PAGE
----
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Enchant Christmas Light Maze & Market Ltd. v. Glowco, LLC

United States District Court, M.D. Tennessee, Nashville Division

November 13, 2019

ENCHANT CHRISTMAS LIGHT MAZE & MARKET LTD. Plaintiff,
v.
GLOWCO, LLC, EXHIBAU LLC, PATRICK WALLAIN, and CHRIS STACEY, Defendants.

          MEMORANDUM

          ALETAA.TRAUGER UNITED STATES DISTRICT JUDGE

         Enchant Christmas Light Maze & Market Ltd. (“Enchant”) filed a Motion for Temporary Restraining Order (“TRO”) (Docket No. 3), which the court granted on October 30, 2019, setting a hearing on whether the TRO should be converted to a preliminary injunction for November 7, 2019 (Docket No. 14). Following the presentation of evidence and argument at the hearing, the court ruled, for the reasons now set out in this Memorandum, that the TRO was lifted and the application for preliminary injunction was denied. (See Docket No. 34 (Order).)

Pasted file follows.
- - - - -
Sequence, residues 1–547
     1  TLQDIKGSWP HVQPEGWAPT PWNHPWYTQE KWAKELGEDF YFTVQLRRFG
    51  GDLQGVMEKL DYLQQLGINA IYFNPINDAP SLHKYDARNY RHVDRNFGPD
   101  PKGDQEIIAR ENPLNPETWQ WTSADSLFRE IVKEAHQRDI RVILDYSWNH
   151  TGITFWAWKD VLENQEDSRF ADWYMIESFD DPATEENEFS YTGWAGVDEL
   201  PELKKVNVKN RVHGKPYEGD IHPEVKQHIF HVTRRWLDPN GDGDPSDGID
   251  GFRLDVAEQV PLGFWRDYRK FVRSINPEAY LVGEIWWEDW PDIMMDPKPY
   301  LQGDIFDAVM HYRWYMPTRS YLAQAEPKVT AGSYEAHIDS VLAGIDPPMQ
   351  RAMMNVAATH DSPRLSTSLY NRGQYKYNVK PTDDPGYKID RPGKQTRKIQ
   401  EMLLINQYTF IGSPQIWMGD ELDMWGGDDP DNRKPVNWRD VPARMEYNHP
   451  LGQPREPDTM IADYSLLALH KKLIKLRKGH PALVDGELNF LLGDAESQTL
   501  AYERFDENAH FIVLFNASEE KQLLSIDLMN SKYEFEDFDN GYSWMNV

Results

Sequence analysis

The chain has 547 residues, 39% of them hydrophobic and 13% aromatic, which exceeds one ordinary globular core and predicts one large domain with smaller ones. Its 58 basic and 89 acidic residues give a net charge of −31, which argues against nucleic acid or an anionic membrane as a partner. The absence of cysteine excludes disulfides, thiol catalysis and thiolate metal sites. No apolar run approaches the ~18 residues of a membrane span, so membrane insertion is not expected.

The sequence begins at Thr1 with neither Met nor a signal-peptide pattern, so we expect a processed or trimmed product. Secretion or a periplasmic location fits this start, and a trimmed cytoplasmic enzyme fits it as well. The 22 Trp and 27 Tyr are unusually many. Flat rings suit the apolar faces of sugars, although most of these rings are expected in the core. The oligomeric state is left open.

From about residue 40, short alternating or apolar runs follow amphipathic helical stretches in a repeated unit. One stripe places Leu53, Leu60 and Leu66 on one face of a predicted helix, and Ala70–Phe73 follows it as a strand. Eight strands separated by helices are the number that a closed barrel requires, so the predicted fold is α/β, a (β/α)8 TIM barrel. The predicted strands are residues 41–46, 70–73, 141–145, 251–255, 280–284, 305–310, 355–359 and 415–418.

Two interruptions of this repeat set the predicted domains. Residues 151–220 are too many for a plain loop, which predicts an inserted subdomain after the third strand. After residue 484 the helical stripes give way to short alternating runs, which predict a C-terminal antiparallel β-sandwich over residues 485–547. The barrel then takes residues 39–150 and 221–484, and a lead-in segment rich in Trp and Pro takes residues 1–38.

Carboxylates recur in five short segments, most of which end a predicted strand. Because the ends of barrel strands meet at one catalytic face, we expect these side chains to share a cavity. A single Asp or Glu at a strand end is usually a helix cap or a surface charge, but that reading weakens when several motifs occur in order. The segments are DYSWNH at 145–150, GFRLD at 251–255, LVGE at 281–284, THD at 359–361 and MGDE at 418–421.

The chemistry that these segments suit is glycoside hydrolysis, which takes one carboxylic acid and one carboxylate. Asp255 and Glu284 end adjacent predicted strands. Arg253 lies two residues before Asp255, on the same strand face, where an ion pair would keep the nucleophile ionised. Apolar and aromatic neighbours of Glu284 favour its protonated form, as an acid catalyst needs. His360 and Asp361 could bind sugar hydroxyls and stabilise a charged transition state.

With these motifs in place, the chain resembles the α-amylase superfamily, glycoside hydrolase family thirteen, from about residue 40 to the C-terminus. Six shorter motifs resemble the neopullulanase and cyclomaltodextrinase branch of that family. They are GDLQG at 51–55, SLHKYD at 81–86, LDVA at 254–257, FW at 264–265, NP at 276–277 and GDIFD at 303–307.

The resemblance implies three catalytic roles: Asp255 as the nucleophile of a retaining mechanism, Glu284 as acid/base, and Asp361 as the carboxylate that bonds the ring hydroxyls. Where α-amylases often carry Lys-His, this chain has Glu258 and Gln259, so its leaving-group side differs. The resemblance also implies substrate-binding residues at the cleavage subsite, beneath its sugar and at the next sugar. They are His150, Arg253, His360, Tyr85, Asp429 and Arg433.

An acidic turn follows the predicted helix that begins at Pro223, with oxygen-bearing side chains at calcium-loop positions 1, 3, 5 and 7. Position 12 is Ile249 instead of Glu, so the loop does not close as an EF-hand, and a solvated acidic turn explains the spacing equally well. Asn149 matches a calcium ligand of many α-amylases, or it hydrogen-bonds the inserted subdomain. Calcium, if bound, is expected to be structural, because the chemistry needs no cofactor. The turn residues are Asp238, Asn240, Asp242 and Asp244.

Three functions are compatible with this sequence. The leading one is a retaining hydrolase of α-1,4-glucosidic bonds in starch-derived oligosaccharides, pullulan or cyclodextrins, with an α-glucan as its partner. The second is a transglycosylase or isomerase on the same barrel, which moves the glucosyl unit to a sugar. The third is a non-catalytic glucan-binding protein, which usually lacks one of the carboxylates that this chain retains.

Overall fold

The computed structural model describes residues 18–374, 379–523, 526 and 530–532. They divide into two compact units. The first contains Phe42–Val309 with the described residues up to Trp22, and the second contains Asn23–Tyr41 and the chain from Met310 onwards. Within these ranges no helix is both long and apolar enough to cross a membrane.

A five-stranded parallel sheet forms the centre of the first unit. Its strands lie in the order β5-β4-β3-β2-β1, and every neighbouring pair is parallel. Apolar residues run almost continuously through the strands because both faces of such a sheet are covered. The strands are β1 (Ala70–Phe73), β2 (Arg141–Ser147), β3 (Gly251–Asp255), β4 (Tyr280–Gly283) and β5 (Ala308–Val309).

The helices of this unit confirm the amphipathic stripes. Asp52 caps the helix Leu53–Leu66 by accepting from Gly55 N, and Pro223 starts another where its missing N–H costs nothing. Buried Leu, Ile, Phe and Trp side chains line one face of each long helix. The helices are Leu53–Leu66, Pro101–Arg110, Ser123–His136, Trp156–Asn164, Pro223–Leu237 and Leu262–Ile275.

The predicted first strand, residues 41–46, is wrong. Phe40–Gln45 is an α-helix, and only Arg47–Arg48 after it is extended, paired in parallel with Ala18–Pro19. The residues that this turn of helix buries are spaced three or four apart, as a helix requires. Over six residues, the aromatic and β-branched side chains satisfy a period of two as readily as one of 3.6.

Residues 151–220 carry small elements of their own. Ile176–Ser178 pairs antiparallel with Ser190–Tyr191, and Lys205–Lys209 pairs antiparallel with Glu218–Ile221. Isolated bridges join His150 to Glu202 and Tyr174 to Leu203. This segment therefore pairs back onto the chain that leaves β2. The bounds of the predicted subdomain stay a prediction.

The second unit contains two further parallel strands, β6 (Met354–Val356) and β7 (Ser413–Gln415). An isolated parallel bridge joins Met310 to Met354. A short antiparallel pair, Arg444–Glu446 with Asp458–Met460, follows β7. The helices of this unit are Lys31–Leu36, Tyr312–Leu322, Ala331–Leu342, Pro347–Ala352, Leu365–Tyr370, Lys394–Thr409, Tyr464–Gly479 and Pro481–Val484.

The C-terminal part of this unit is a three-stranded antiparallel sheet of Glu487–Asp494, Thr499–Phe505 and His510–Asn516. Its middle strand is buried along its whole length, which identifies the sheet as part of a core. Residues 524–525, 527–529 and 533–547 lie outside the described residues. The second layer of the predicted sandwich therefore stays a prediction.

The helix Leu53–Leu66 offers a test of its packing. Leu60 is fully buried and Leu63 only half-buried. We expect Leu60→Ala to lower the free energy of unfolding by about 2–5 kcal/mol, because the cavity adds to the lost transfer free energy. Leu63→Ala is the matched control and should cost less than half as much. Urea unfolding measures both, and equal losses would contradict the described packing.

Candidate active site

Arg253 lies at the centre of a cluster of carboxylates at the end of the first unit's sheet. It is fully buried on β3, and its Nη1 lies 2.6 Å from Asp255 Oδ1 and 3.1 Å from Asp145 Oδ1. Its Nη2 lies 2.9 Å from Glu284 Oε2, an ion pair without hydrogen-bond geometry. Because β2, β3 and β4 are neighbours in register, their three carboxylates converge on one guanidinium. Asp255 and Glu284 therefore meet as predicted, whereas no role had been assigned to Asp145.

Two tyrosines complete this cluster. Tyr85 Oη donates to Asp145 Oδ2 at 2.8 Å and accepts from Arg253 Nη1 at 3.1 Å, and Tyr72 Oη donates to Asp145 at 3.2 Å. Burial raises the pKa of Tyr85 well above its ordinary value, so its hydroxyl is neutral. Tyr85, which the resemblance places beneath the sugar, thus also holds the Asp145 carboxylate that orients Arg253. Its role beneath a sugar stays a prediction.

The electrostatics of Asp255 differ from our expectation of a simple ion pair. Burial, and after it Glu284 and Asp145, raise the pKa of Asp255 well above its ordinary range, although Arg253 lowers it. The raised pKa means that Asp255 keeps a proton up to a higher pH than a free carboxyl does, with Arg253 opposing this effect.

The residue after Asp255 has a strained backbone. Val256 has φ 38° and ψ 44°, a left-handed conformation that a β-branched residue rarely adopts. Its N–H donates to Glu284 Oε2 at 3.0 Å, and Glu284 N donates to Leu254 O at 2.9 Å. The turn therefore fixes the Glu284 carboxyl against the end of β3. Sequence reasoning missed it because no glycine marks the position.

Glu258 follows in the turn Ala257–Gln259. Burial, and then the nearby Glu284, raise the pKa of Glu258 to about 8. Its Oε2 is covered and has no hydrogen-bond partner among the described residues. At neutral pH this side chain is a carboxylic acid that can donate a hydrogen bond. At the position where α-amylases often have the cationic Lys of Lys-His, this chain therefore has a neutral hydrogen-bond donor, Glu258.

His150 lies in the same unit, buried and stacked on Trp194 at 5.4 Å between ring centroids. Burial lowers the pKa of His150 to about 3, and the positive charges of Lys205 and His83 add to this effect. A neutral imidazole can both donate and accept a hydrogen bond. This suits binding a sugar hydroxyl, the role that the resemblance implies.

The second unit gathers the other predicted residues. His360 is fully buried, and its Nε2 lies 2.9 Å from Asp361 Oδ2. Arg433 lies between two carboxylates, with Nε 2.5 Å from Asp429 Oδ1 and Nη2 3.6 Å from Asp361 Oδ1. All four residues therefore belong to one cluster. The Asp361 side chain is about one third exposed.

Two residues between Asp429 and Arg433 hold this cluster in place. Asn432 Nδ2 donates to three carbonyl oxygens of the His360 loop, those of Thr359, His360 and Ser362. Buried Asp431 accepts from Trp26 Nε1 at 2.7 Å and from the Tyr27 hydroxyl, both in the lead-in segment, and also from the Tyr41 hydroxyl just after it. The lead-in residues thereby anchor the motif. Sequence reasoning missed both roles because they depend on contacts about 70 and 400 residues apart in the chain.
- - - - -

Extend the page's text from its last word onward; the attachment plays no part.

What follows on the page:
I. FINDINGS OF FACT

         A. The Disputed Sculptures

         Enchant is a Canadian company that produces Christmas-themed light exhibitions at locations such as baseball stadiums. The “Enchant Christmas” show features a “Christmas light maze” and includes various Christmas- or winter-themed “light sculptures.” The light sculptures, generally speaking, are three-dimensional frames on which Christmas lights or similar small sequential lights can be placed. Some look like animals, such as deer, and others look like objects, such as sleighs and ice crystals. Enchant has not yet produced Enchant Christmas or any similar show in the Nashville market. Enchant concedes that it is not the only company staging Christmas light exhibitions involving light sculptures, and it claims no general right to prevent competitors from staging such exhibitions.